Fixation on the Perfect Body
The pressures from society and the outside influence of mass media can create conflict within ourselves when we do not measure up to the images they display. The images that both men and women have to have to live up to - can be overwhelming and simply unobtainable. Every person's body is unique, there are usually no two exactly alike as genetics play such an important part on who we are; and what the future holds for us with body image. Opinions of our body image can be destructive or show great satisfaction. Your opinion can cause a great deal of conflict merely because you feel inadequate to what society is dictating. The conflict analysis of culture points to ongoing struggle between more or less advantage groups. The privilege groups try to maintain their advantage as the subordinate groups struggle to increase theirs. (Brym and Lie, p. 46) In regards to body image those that have obtained their level of perfection continue on their quest, and the others never give up the fight for trying to achieve it. According to the article Gender Differences in Attitudes about Fat show that men and women adopt different cognitive strategies to copy with the American image on thinness. (Aruguete, 2006) The study was indicative of how the difference in genders perceived body image. Women reported that they dieted more, skipped more meals, and was overall were more totally dissatisfied with their bodies. The internalization of the negative conflict showed that women were more likely to ruminate during bouts of depression. (Nolen-Hoesksems1987) Images that compare body types can lead to oppression under capitalism merely because the imagery is visible. (Croft, 2004) Sexist stereotyping and judgments are in every single facet of our lives. When we apply for a job we are being sized up before we even start conversing. The way we look and the images we are trying to portray are everywhere we go.
Dittman and Howard (2004) made this statement regarding the prevalence of unrealistic media images; According to Jean Kilborne, Media Awareness Magazine, "many women internalize these stereotypes, and judge themselves by the beauty industry's standards. Women learn to compare themselves to other women, and to compete with them for male attention. This focus on beauty and desirability effectively destroys any awareness and action that might help to change that climate." (Gerber, 2006) Facts are that most people turn to the media for information on sex and sexuality, in fact most teens learn their sex education from the media. The majority of people associate sexuality with beauty. These images are being forced on women to conform to their version of what society expects from females. Our society is suffering from an epidemic of body image dissatisfaction so much so, that it is now considered a norm to be on the pursuit of perfection. It seems as though everyone to some degree is going through this vicious self hatred of not measuring up. An article in Media Awareness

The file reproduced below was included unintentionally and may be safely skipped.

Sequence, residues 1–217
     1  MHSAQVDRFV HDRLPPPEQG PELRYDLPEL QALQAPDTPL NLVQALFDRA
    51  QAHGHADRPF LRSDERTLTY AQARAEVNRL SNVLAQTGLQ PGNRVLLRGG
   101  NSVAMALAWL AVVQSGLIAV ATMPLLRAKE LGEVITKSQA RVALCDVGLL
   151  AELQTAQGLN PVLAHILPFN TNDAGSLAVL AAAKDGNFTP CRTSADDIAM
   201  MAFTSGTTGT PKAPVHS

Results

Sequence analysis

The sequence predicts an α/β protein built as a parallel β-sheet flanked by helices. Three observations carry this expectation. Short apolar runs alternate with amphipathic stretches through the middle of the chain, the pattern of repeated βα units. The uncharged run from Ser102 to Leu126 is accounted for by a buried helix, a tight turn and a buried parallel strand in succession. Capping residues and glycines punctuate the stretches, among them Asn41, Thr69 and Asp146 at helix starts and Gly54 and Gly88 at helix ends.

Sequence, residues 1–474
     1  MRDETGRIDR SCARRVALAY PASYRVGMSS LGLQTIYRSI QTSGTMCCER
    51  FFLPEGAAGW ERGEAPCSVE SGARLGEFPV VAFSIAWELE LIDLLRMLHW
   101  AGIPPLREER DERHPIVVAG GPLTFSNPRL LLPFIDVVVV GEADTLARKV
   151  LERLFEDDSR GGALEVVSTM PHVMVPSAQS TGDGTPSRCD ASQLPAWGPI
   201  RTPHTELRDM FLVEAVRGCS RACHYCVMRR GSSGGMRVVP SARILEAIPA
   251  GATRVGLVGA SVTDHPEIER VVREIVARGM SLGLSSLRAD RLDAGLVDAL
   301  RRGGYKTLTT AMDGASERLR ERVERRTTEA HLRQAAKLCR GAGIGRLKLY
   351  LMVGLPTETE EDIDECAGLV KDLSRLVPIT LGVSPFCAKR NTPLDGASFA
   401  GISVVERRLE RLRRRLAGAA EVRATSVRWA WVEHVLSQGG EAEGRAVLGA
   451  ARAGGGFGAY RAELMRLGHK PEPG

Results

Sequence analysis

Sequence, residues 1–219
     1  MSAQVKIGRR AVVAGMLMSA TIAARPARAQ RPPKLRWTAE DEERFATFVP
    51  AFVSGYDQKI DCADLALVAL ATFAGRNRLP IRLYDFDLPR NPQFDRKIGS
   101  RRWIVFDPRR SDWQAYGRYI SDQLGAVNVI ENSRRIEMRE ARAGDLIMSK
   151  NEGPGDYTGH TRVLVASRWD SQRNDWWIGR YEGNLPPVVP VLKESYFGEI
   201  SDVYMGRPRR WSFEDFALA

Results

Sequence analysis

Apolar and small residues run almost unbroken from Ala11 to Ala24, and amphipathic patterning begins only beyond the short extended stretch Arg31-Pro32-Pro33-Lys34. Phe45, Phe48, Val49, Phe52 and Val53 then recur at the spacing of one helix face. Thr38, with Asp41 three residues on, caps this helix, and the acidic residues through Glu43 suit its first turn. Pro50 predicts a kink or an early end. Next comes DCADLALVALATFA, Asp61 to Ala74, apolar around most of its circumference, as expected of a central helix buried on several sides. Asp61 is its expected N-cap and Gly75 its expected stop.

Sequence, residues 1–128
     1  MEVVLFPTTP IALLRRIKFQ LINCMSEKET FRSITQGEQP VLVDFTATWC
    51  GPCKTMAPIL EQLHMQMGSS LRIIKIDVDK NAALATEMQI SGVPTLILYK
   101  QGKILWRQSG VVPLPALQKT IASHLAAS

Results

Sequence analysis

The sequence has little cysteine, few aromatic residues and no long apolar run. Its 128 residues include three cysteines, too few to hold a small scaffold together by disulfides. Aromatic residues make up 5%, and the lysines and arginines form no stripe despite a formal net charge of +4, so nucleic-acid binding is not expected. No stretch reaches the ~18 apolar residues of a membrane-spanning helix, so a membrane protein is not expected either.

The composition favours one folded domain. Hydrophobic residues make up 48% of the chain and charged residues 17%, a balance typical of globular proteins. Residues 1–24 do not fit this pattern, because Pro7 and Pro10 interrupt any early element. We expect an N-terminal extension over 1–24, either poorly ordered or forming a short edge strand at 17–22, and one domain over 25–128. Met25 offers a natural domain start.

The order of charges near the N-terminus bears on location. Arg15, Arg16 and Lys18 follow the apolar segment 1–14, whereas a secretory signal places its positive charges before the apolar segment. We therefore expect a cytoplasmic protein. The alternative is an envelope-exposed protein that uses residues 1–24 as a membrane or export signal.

Magazine quotes: In its 1998 study Focus on Youth, the Canadian Council on Social Development reports that while the number of boys who say they "have confidence in themselves" remains relatively stable through adolescence, the numbers for girls drop steadily from 72 per cent in Grade Six students to only 55 per cent in 10th grade. (Gerber, 2006) There are studies out showing that children as young as third grade are consumed with dieting. Toddlers in preschool now know that there are certain foods that are not healthy and could have the capacity to make them fat. However, the adolescents is the group that is focused on the most, as this is...
Cited: Attie, I., and J. Brooks-Gunn. "Development of Eating Problems in Adolescent Girls: a Longitudinal Study." Developmental Psychology os 25.1 (1989): 70-79.
"Body Basics - Studies: Size Doesn 't Matter." MWEB Health 2003
Boodman, Sandra G. "For More Teenage Girls, Adult Plastic Surgery." Washingtonpost.Com 26 Oct. 2004. 9 July 2006 .
"Breast Augmentation." American Society of Plastic Surgery (2006): 1
Breast Implant Morbidity. Brown University. 2000. 1. 9 July 2006 .
Brym, Robert J., and John Lie
Psychology os 43.4 (2004): 477-497
Domil, Tiffanie. "THE INFLUENCE OF MEDIA IMAGES UPON BODY ESTEEM." Ms. Department of Psychology - Loyola University, New Orleans, La. 2006.
Gimlin, Debra. ""Cosmetic Surgery: Paying for Your Beauty"." Feminist Frontiers os 6 (2004): 94-108. Academic Search. EBSCO. Citrus College, Glendora. 9 July 2006. Keyword: Body Image.
Hartline, MA, Christine
Izenberg Md, Paul H. "Plastic Surgery." Teens Health - Nemours Foundation Oct. 2004. 9 July 2006 .
Jones, Diana P
Wolf, Naomi. The Beauty Myth: How Images of Beauty are Used Against Women. New York: Anchor P, 1991.
Please join StudyMode to read the full document